This past week I showed up for work at the Bullring, an on-campus café, and was told that we were showing the film “Food Inc.” shortly after our dinner rush. The popular film showcases the many horrors of the industrial agriculture phenomenon; there are many scenes that vividly illustrate common practices of animal cruelty. I found the situation curious: watching chickens being slaughtered as I was taking an order for a chicken asiago sandwich. Not surprisingly, I received several comments from customers along the lines of, “why on earth would you choose to show this here?”

“Just some food for thought” was my reply.

Last year the Agricultural Ministry in Kenya was found in a tight spot over the illegal selling of relief food aid in the domestic market. This situation distorted local prices and sidelined local farmers who had worked hard to produce food under drought conditions. This year an equally degrading story was unraveled by a local News network NTV Kenya, that has found A private sector firm illegally selling government subsidized fertilizers in the Kenyan market. Fertilizers, which are destined for small-scale farms in an effort to improve yields, never reached their proposed destinations. Yields would have been particularly high given that Kenya has in recent months experienced El Niño rain phenomenon, resulting yields would have secured food sources in a food insecure nation, for the rest of the year. Once again Agriculture efficiency is battered by the degree of corruption alive in Kenya.

The African Rice Center has done great things for food security in the continent. Breeding hybrid varieties of rice that are  resilient to harsh climatic conditions, have proved to be very productive for many poor farmers in the region. The rice consumption of rice is really high in West Africa and is growing steadily around the continent. In East and Southern Africa corn is the staple food,  governments should invest highly in the research and development (R & D) of this staple. Otherwise the harsh climatic condition which are projected to get worse with gobal warming will continue to reduce the effectivness of the African farmer.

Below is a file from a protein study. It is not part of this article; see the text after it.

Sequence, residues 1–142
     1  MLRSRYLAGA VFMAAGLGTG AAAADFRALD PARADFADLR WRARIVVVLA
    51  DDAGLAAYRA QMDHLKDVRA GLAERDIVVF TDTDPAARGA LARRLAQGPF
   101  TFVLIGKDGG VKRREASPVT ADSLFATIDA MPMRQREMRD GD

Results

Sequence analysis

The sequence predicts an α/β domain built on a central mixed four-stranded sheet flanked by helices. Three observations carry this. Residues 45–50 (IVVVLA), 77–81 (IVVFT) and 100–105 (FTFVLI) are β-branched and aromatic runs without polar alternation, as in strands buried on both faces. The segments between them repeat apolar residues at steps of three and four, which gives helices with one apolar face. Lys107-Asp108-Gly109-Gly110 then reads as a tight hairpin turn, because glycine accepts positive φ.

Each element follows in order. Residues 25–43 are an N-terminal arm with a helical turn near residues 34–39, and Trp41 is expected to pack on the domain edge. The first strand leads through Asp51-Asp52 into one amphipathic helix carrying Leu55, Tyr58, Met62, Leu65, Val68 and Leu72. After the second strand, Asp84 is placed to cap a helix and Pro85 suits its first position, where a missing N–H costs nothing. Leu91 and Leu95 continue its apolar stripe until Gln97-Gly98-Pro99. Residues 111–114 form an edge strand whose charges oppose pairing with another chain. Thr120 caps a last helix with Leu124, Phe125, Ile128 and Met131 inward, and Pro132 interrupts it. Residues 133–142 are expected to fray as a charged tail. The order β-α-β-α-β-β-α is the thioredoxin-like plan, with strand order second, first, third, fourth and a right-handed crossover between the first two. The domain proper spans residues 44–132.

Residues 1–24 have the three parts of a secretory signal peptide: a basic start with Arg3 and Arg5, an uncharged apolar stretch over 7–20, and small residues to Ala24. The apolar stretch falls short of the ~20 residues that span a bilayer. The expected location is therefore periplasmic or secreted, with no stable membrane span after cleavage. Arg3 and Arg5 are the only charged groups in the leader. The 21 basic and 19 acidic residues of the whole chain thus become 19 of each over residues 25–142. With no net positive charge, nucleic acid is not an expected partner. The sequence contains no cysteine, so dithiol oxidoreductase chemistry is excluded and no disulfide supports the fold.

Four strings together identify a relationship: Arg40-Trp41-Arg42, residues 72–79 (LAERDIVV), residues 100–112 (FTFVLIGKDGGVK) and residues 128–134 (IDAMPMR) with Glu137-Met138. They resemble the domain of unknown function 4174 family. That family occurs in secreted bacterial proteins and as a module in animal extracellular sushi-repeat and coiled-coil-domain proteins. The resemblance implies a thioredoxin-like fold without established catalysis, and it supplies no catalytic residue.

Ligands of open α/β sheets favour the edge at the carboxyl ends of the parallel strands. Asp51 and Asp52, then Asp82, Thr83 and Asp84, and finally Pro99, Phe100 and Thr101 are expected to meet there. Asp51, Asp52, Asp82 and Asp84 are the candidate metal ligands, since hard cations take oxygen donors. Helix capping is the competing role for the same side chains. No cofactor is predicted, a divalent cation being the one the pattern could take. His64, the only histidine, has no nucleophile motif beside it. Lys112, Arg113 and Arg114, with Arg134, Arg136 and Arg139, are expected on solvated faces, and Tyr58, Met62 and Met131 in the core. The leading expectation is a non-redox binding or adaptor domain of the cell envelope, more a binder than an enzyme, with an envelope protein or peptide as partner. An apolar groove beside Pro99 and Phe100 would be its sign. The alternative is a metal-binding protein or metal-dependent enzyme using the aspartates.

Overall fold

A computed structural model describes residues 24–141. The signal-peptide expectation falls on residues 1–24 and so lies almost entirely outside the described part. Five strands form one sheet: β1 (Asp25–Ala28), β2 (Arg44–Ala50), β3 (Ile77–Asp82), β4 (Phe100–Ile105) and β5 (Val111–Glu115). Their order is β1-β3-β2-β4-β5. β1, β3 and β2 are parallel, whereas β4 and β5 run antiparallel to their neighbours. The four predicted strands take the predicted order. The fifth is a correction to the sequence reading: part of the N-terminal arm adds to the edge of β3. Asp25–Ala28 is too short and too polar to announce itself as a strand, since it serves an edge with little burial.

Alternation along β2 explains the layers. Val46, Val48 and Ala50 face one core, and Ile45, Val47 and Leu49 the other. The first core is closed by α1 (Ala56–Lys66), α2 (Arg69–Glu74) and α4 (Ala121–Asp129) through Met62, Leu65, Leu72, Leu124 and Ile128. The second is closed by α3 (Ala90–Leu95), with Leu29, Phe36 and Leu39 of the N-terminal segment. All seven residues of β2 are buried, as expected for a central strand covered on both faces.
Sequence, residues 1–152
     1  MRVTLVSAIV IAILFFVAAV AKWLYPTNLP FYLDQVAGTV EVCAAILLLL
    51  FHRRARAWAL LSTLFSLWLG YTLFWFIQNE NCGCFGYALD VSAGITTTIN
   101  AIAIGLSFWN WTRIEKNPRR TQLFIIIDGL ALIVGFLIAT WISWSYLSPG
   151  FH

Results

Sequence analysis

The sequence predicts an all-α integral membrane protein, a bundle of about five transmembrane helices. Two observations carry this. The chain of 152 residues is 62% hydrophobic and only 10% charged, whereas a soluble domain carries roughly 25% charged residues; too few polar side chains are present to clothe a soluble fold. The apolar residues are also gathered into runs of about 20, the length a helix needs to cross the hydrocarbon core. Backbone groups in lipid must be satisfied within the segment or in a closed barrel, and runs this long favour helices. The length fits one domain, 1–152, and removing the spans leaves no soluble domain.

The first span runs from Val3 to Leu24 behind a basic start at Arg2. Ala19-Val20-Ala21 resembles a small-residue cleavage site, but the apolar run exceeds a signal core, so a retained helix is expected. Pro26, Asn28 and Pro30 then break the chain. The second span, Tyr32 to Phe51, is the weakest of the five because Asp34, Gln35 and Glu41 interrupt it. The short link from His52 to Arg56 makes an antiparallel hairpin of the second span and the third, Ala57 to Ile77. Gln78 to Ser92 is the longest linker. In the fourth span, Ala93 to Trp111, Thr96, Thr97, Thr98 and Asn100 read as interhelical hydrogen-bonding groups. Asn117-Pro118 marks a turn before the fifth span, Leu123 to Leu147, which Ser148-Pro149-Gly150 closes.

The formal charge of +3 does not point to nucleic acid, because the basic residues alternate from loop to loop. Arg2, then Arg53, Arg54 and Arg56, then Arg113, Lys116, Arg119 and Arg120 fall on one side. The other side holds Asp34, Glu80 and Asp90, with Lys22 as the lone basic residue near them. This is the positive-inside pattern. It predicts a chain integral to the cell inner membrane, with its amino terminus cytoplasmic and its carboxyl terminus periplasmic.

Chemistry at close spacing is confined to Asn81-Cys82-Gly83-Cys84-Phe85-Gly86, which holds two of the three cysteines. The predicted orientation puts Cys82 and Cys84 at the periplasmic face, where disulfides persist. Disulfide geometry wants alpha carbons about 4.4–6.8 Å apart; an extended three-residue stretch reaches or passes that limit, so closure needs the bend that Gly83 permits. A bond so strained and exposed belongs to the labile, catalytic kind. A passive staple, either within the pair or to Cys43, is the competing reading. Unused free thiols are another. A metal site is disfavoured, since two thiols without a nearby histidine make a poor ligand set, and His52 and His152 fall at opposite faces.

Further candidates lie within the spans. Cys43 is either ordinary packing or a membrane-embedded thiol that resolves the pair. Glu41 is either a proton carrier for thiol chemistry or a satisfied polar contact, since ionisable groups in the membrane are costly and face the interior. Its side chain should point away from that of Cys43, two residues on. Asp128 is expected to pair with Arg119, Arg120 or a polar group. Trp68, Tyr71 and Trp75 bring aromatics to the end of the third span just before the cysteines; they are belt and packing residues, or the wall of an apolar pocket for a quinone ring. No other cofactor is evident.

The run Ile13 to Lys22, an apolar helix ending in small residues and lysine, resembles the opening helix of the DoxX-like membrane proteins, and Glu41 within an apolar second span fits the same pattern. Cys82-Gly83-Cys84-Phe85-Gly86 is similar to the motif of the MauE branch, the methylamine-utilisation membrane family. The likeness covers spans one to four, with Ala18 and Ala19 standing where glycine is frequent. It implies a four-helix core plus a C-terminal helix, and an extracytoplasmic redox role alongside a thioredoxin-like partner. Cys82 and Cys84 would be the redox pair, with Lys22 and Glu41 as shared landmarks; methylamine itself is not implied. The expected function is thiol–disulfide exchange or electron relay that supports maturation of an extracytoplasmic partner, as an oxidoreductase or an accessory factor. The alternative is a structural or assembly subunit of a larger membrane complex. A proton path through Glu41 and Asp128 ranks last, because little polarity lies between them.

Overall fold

Solar madness

Just when I thought the government did not do enough to tap into solar energy I have found that with the help of NGOs.  Solar powered weather stations are being installed to help poor farmers improve their farming. Through providing farmers with weather conditions. So they can know when they can plant the right type of crops they can produce for a season. Solar powerd stations can be accessed in poor and very marginalized areas in the country to grow crops like the rest of the country.

In a continent with 12 months of sunshine the need to tap into solar power has seriously been lacking.  Many countries in the region invest in hydroelectric power. Hydroelectric power during rainy seasons supplies ample electricity but during dry seasons and drought years a reduction in water levels deem electric supply unreliable.  Agriculture is greatly affected by droughts and in these harsh periods is when food shortages are most common. An initiative in Benin, which harnesses solar power to pump water for irrigation, could greatly save farmers and the African mass at large. African governments should make efforts to duplicate and enhance such projects as the one showcased in the video below to buffer the effects of drought and dry season vulnerability.

Small-scale farm holder’s account for over 70% of agricultural production in Kenya. Most of the households engage in agricultural production as a family unit. This means that children are used to help during peak agriculture times, harvesting and planting predominantly. These peak times mean a large percentage of pupils are absent from school during these periods. School absenteeism is also high during drought season where pastoralist families need all the labour they can get to graze cattle. This phenomenon has not been captured in the education system, addressing this issue will mean marginalized communities who rely heavily on subsistence agricultural activities will be able to perform well in school and have more opportunities through education.